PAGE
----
Formula 1 Backgrounder: Spa Francorchamps

The most technically advanced motor racing series in the world returns to action after its 4 week summer layoff for Round 11 at one of the classics of the calendar, Spa-Francorchamps. The Belgian Grand Prix at Spa dates back to the inception of F1 in 1950, although for several years in the 1970s and 80s the race was held primarily at the Zolder track, infamous for the death of Gilles Villeneuve during qualifying in 1982. But Spa has its own deadly history to be sure. Originally an open road circuit, Spa used to encompass a blistering 14k tour through several Ardennes villages and was considered, along with the original Nürbergring, the ultimate test of a driver’s skill, not only because of the high speeds but also the unpredictable weather. But as cars became faster and faster and particularly prior to the advent of downforce, the risk factor for such a long country road course with houses, ditches, telephone poles and trees only yards from the edge of the road became extremely perilous and fatalities and serious shunts piled up.

New and Old Spa Circuits Overlaid

New and Old Spa Circuits Overlaid

Eventually in 1983, after many years of disuse by F1, the Spa track was shortened to the 7k circuit we see today. Although most of the real life hazards have been removed, the circuit is still one of the fastest and is considered a supreme test of driver skill, as it always has been, particularly the narrow uphill charge out of Eau Rouge. When you see overtaking there, you know that a driver has nerves of steel because the consequence for failure can still be quite severe. Simply have a look at this terrible crash by a very fortunate Ricardo Zonta in 1999 to see what happens when things go awry at Spa:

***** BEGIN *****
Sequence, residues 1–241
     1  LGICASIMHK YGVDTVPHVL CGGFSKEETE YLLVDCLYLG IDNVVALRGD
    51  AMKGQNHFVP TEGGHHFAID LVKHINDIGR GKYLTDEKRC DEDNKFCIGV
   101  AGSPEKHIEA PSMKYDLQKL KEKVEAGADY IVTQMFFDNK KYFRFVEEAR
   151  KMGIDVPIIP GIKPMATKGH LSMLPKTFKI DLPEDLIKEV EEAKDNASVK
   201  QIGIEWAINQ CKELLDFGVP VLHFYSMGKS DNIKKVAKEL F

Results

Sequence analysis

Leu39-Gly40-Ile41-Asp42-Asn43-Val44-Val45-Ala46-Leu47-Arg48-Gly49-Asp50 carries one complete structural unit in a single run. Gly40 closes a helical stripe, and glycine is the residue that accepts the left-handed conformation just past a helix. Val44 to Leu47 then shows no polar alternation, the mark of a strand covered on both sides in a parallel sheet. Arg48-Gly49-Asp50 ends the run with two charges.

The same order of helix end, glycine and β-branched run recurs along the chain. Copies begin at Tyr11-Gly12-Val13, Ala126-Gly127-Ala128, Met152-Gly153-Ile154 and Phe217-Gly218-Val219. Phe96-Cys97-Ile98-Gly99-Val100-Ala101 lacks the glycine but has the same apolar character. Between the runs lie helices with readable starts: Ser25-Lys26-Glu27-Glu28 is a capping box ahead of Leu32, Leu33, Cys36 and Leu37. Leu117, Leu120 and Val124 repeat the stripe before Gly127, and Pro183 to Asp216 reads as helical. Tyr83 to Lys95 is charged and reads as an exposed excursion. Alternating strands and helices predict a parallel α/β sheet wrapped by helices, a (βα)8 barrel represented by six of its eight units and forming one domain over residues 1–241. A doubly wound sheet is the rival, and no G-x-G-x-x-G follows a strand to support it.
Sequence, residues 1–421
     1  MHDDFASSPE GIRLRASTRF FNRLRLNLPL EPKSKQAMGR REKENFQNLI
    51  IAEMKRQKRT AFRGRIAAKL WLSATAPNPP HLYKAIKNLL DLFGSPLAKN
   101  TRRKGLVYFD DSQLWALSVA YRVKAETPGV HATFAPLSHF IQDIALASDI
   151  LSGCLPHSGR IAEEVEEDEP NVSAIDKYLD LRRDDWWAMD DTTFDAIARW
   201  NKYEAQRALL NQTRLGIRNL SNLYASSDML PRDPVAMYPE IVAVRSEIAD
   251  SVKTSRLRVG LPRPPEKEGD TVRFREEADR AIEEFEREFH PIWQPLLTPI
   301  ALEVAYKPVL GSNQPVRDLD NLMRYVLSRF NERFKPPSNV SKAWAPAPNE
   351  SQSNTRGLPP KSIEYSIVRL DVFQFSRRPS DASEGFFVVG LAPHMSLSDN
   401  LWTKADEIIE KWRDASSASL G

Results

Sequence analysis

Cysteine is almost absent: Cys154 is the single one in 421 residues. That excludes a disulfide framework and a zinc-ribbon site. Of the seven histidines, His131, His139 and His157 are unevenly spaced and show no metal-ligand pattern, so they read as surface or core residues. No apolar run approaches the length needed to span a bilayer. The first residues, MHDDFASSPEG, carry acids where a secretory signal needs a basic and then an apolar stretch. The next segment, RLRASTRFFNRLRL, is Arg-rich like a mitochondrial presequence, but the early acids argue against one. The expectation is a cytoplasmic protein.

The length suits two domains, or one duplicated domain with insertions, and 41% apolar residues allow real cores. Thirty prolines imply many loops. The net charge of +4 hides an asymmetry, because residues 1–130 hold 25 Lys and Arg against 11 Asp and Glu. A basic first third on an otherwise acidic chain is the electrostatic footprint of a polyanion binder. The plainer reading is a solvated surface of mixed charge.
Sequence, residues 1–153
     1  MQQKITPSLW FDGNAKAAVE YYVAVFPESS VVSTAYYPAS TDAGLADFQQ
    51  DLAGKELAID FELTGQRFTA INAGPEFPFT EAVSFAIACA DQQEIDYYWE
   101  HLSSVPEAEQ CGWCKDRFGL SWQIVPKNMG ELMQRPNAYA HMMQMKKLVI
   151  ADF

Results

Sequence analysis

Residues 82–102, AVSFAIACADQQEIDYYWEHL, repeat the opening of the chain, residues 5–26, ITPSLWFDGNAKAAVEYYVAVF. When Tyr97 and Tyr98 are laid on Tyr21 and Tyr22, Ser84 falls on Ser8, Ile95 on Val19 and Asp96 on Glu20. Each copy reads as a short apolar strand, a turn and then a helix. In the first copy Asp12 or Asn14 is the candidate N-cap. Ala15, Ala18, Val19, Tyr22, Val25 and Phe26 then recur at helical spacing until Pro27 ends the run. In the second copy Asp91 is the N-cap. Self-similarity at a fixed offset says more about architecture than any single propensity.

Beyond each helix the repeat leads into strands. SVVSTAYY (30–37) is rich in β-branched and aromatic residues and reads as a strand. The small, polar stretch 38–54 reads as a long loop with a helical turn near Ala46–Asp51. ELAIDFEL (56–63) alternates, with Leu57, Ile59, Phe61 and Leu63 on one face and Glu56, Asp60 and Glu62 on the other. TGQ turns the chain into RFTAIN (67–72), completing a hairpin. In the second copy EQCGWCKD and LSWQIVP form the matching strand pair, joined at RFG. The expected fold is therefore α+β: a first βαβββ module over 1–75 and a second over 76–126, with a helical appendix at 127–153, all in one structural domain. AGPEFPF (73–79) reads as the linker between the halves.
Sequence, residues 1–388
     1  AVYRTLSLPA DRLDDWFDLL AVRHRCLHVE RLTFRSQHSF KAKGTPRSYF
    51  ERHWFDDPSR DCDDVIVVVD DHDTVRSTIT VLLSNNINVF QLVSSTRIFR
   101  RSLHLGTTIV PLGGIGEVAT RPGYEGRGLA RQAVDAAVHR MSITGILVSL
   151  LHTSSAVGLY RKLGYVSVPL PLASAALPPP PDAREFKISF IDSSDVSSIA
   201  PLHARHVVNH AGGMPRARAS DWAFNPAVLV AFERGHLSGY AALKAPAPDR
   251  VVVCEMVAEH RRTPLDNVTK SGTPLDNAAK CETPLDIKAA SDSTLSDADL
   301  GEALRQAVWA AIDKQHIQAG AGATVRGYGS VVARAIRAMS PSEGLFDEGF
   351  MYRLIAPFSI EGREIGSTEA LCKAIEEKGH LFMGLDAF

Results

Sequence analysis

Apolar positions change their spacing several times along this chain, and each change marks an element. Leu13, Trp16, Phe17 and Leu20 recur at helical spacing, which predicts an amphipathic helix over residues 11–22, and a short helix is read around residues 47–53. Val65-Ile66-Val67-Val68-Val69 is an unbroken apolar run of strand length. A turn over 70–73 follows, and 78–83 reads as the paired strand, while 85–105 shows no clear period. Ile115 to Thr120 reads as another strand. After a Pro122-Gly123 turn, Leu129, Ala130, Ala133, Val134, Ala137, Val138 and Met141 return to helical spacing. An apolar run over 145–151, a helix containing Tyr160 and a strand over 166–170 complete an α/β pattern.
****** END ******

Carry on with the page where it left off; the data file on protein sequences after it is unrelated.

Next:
You can see the practice times for the first two Friday sessions at Spa at



What we’re listening to today – Nevertheless by The Brian Jonestown Massacre

There are artists and there are artist’s artists, those who are always one step ahead and showing the rest how it’s done. The Brian Jonestown Massacre are in the latter category. Infamous before they were famous, the BJM have long gone unrecognized as what they really are…one of the best bands of the last 20 years. “Nevertheless” is an example of the BJM at their finest. Equally catchy and expansive, this one never gets old.

You can find it on the 2001 album “Bravery, Repetition, and Noise“, which also features an excellent cover of The Cryan’ Shames song, “The Sailing Ship”.

As a bonus, this fan generated video features footage of a canoodling Jane Birkin and Brigitte Bardot, from the 1973 film Don Juan (or If Don Juan Were A Woman). How can you go wrong?

A big MFL welcome to our new contributor Punto Verde

We’re very glad to announce the addition of a new contributor to Man’s Fine Life, a gent who goes by the handle Punto Verde. Like tomvox1, he’s yet another Brooklyn hepcat (they’re downright ubiquitous these days… like herpes, only more charming) and PV is also an artist, music lover and all around bon vivant. We’re looking forward to his take on fashion, tunes, vintage contraptions and whatever else catches his fancy. The more the merrier and it’s always good to have another well-rounded gentleman aboard. So let’s raise a stein to Punto Verde!

What we’re listening to today–All the Way From Memphis by Mott the Hoople

Here’s a little bon Mott to spice up the afternoon, straight from live video back in the 70s:

Sometimes you just gotta go glam, man. So put on that velvet blazer and pick up your six-string razor.

And BTW, I wonder who taught who how to sing like that: did Bowie teach Mott or did Mott teach Bowie? Hmmm… the eternal riddles of Rock ‘n Roll.

Download the classic studio version at iTunes or Amazon.

High Blood Pressure: Still a silent killer

You may be working out five times a week and running triathlons on the side but every time you go for your physical, your BP is stubbornly high. Nothing crazy just 140/90, what they call “high normal” or “borderline high.” You argue with your doctor that because you are such a fine physical specimen there’s no need to worry about a number and you’ll try to get it down by reducing sodium intake and drinking more water. But, assuming you’re not testing it at home, another year goes by and the next checkup your numbers haven’t budged: still borderline high.

For a lot of guys in their 30s this may sound familiar, as this is when mild but persitent hypertension can start to kick in. But now’s the time to get your number down and if it takes a little medication, so be it. Because even if you feel terrific, your mild hypertension is damaging the inner workings of your body and putting you at long term risk of heart disease, stroke, eye problems and, yup, impotence. Continue reading